Monday, February 1, 2010
Northwest Winter: Escape to the Big Island
Yes, this is a blog about the Pacific Northwest, but a lot of us here do the same thing for a week or two each winter:
Often for somewhere warmer and, perhaps, tropical. My last tropical vacation was to Belize (which you can read about here), but now I’m chillin’ on the Big Island of Hawai’i. So consider this the first of a few blog postcard equivalents. Short on words and picture-centric.
We’re staying on the wet side of the island, a few miles south of Pahoa. It’s very damp and lush here, unlike home right now.
Since I’m a farmer’s market junkie, on Saturday morning we head to the famous Hilo Farmer’s Market to see the real local food and culture. It doesn’t disappoint. Everyone seems to be happy and smiling and relaxed here. With beautiful produce and soft, warm air, no wonder!
We don’t grow these in the Northwest!
Then we stop at a local glass jewelry maker’s stall and enjoy chatting with Jenny Kempe-Kupka and her husband Alex. And of course buy a few pieces of their beautiful work (notice Jenny's pendant).
Then it’s on to lunch at Café Pesto in funky old downtown Hilo near the market. We just stopped here because it was close to the market and we could sit down. But my lunch is fantastic! I chow down succulent, flaky fresh ono topped with crab and a plum hollandaise sauce, served with a salad of lightly steamed fresh fern shoots and sesame jasmine rice. Everything is fresh and local and perfect.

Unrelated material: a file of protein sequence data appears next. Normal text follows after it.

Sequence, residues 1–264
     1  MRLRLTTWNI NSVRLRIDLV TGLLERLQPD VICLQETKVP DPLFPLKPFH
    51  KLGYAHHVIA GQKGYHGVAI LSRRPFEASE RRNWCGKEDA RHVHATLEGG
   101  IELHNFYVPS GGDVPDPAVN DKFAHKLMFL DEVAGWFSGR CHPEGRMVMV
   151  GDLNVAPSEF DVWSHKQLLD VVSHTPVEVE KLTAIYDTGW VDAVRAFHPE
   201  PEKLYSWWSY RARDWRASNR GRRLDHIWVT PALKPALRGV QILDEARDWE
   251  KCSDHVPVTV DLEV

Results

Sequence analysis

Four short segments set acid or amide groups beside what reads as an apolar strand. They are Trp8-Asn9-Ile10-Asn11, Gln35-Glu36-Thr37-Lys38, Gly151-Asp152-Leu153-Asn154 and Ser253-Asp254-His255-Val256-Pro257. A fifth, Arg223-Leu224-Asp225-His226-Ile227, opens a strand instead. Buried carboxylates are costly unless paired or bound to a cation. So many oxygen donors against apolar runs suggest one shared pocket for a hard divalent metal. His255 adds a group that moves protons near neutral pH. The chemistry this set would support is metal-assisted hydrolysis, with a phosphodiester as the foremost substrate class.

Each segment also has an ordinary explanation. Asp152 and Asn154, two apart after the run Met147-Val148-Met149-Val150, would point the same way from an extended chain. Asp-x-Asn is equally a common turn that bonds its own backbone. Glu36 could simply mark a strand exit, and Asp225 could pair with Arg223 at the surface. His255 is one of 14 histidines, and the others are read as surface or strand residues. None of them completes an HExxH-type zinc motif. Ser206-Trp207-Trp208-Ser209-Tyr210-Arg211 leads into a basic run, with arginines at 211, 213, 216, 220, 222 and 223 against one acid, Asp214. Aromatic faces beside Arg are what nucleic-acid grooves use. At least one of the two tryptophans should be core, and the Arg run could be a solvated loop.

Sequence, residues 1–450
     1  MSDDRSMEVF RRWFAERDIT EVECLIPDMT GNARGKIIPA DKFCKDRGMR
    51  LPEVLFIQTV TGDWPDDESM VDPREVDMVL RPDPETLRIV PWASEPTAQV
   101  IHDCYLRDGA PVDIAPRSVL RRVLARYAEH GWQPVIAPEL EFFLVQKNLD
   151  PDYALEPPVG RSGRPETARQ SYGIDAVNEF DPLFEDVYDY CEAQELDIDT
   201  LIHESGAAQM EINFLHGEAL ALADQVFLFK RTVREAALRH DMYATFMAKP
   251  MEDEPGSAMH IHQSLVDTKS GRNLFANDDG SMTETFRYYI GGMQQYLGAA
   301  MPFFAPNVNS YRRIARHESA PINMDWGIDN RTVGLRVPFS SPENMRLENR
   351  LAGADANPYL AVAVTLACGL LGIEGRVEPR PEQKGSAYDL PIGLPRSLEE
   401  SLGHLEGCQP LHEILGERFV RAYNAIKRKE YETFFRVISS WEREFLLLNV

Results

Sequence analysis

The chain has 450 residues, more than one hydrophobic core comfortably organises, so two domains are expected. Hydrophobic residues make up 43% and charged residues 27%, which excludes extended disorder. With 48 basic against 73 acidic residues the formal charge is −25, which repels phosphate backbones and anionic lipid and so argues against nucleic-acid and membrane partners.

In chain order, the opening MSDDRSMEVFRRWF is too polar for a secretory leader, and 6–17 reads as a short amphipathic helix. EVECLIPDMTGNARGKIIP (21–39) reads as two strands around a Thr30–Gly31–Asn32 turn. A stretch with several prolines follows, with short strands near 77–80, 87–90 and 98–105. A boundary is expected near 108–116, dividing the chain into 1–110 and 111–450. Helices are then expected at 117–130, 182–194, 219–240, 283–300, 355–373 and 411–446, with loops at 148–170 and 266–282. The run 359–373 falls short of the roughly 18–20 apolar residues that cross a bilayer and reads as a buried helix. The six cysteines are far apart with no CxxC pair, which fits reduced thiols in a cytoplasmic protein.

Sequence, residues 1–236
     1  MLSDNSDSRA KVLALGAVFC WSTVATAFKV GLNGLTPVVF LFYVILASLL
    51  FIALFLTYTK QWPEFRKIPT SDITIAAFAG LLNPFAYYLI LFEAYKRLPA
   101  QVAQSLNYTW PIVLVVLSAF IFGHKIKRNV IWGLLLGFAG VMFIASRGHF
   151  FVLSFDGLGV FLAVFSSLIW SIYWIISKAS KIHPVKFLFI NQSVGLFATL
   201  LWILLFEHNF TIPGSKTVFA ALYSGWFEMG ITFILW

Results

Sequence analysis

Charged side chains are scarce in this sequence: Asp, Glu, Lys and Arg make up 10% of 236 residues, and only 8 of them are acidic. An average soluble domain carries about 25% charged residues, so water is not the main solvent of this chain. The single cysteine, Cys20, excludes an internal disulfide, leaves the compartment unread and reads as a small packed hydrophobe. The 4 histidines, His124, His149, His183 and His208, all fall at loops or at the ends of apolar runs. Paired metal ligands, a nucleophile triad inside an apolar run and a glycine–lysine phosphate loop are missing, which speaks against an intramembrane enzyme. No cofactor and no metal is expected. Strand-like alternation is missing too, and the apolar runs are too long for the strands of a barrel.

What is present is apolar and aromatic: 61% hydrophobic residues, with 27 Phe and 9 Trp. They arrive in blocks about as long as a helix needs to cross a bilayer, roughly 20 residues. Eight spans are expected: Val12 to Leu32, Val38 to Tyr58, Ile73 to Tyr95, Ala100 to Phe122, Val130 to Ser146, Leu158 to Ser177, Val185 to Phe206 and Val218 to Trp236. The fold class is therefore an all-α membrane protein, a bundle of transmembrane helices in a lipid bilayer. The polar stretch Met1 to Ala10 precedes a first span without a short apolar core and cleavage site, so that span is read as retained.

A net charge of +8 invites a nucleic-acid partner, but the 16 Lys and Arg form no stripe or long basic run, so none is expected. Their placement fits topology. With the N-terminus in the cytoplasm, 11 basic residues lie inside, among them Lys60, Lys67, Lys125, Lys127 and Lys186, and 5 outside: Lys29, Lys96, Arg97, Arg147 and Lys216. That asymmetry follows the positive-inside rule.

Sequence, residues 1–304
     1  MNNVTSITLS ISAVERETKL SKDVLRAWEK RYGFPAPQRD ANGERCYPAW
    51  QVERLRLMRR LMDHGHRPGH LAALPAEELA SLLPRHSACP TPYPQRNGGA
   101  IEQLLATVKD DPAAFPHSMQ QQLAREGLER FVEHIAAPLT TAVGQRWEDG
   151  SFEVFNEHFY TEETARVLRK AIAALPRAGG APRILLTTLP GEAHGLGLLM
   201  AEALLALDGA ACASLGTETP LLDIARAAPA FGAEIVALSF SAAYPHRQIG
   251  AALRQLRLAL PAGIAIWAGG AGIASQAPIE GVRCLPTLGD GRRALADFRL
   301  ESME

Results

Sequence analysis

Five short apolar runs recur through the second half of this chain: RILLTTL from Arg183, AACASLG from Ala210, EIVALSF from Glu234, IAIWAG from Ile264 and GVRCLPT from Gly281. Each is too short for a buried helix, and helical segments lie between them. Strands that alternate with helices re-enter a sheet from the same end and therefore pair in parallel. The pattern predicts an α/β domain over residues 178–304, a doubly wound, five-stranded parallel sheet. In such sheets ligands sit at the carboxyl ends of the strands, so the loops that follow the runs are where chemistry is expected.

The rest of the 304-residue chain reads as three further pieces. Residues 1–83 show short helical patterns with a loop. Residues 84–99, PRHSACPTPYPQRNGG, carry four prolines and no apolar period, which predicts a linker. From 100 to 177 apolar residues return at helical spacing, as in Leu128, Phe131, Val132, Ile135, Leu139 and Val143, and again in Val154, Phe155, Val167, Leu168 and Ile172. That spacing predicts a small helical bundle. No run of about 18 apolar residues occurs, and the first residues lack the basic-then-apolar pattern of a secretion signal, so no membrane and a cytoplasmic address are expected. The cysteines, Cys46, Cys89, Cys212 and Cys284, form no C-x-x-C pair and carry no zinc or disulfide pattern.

After lunch we head north of Hilo up the Hamakua coast, where it’s a bit sunnier and drier. We cut off onto a 4-mile scenic drive that follows the route of the old highway and take a quick walk down to Onomea Bay.
About a mile farther up the road we stop for mango smoothies. My smoothie is so thick and tropical sweet that I get a nasty headache from slurping it down too quickly. But life is good as we relax and sip at a covered table next to the Smoothie Shack and take in the expansive ocean view.
Before dark we dash to spectacular but very accessible Akaka Falls along a short paved trail through profusely green and luxuriant native vegetation. It really reminds me of our many plummeting waterfalls in the Columbia River Gorge.
Heading back down from the falls, we pass through the sleepy but picturesque old plantation town of Honomu, where some locals sit in lawn chairs in their front yard and watch the tourists.
"Where are you from?" says Woodshop Gallery and Café co-owner Peter McLaren, formerly of Yorkshire. When we say Seattle, he sighs “Ah, beautiful place. Been there many times. Lots of people stopping by today from Seattle.” We get around. Peter chats away for a good 20 minutes, dropping lots of insider’s tips on what to see and do. I'm learning to forget my agenda and listen patiently to what the locals here have to say. My mantra for the rest of the trip:
Dinner tonight at Miyo’s Japanese restaurant in Hilo is just as good as lunch. I’m realizing that everything tastes so wonderful because most of it is all island grown and produced (or fished). I know I’m going to eat very healthfully and well on this trip.